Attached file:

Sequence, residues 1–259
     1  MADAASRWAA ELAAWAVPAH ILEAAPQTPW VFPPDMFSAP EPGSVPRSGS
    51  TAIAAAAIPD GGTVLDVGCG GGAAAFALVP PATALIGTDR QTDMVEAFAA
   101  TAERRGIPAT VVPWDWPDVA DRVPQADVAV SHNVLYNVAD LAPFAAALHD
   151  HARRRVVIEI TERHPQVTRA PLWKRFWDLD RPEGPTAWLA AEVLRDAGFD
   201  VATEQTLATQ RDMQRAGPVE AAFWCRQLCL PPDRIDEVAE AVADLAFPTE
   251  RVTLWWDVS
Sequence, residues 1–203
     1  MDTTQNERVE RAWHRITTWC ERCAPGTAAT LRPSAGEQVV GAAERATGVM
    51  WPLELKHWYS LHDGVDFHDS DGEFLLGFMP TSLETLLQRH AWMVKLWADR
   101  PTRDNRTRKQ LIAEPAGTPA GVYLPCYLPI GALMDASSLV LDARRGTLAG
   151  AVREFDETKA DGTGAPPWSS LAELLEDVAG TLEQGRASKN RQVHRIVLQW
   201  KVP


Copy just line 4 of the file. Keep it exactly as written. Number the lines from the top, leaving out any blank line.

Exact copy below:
   101  TAERRGIPAT VVPWDWPDVA DRVPQADVAV SHNVLYNVAD LAPFAAALHD